If you decided to expand your flock this year, you may be wondering about the best way to introduce new chickens to your feathered family. Today, we are going to discuss some of the best practices for introducing new chicks, or new adult birds, to your existing flock. We are also going to discuss some of the biosecurity issues and feeding strategies that are important to consider when adding new birds to your flock.
Why Should I Add New Chickens to My Flock?
Adding new chickens to your flock is always a fun and exciting time for poultry keepers. Some poultry keepers (myself included!) like to introduce young birds every 1-2 years so that egg production stays consistent. Some poultry keepers fall in love with a new breed or new variety and decide that type of poultry would make an excellent addition to the flock! Some poultry keepers just have a hard time resisting those cute chicks at the feed store. Watch that chicken math! Whatever your reason, there are a few tips that definitely help your new birds make a gentle and easy transition into your flock.
When Can I Add New Chickens to My Flock?
In general, it is a good idea to raise new chicks separately from your existing flock for as long as possible. Ideally, you want to keep your birds separated until all of the birds in your flock are eating the same type of feed. In my flock, I will raise my new chicks separately until they are 4 months old and then I combine the two flocks once everyone is old enough to eat layer feed. However, I understand that this isn’t always possible or practical. If you have limited space, then there are some tips and tricks that can help with an earlier transition.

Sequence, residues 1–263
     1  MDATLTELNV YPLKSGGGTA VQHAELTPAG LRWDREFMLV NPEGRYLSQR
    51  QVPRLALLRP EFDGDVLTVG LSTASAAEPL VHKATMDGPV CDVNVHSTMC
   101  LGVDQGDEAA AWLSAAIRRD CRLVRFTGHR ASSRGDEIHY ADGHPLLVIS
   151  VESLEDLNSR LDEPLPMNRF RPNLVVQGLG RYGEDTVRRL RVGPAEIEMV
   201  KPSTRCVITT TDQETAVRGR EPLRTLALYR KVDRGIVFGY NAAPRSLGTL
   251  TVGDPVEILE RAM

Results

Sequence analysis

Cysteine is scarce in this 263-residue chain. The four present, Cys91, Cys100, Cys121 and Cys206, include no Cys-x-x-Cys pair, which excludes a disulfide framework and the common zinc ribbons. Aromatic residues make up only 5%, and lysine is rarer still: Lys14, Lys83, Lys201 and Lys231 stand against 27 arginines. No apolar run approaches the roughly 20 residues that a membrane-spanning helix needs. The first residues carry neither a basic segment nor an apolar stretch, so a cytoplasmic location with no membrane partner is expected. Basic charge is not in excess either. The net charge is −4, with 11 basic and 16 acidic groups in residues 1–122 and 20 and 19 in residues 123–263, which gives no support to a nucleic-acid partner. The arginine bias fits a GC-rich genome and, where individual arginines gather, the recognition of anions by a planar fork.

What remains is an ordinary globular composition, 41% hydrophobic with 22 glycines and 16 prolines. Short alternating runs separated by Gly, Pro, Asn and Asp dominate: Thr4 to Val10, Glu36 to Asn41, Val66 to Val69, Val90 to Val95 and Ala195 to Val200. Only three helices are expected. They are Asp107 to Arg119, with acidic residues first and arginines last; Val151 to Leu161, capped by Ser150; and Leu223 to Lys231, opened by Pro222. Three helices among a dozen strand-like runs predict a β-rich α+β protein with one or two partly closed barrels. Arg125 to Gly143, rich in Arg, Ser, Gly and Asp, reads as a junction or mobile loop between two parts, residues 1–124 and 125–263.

Chickens have a social hierarchy called the pecking order. Introducing new chickens into the flock can disrupt the pecking order and steps should be taken to help minimize this disruption. You never want to introduce new chicks into your flock until they are old enough and strong enough to withstand any fighting that may result from the disrupted pecking order. New chicks should be at least 8-12 weeks old, depending on breed, before they are introduced into an existing flock.
Do all of these tips still apply if your chicks were hatched by a broody momma? Not really! Broody mommas are usually great caretakers for their babies. I keep my broody hens and babies confined to their “nursery” for about 1 week. After that, I will allow momma and her chicks out with the rest of the flock.
What is the Best Way to Add New Chickens to My Flock?
Free-ranging and/or outdoor access is your best friend when introducing new birds to your flock. The most gentle and easy transition happens when you allow both groups to live side-by-side and free-range together. When I am ready to merge my two flocks, I will divide my coop into two pens separated by a barrier. I keep my new birds inside the adjacent pen for at least a week. This strategy allows the two flocks to see each other and get used to each other. After a week of living side-by-side, I will open the outdoor access door and allow the younger birds to go outside at the same time that my existing flock is free-ranging. Usually, the two flocks will free-range in separate groups for the first couple of days, but will slowly start to comingle. Once the two groups are comingling nicely, I will remove the barrier between the pens and officially marry the two flocks. The same practices can be used when adding new adult chickens to a flock (see biosecurity info below).